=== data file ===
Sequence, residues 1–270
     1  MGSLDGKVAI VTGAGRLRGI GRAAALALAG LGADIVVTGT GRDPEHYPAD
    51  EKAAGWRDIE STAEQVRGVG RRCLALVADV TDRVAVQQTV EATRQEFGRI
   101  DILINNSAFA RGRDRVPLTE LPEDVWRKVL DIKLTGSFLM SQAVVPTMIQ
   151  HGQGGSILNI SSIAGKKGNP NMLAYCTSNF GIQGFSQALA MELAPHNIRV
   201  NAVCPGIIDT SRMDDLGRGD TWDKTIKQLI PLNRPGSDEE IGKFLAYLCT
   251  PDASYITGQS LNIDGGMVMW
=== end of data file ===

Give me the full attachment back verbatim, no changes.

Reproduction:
Sequence, residues 1–270
     1  MGSLDGKVAI VTGAGRLRGI GRAAALALAG LGADIVVTGT GRDPEHYPAD
    51  EKAAGWRDIE STAEQVRGVG RRCLALVADV TDRVAVQQTV EATRQEFGRI
   101  DILINNSAFA RGRDRVPLTE LPEDVWRKVL DIKLTGSFLM SQAVVPTMIQ
   151  HGQGGSILNI SSIAGKKGNP NMLAYCTSNF GIQGFSQALA MELAPHNIRV
   201  NAVCPGIIDT SRMDDLGRGD TWDKTIKQLI PLNRPGSDEE IGKFLAYLCT
   251  PDASYITGQS LNIDGGMVMW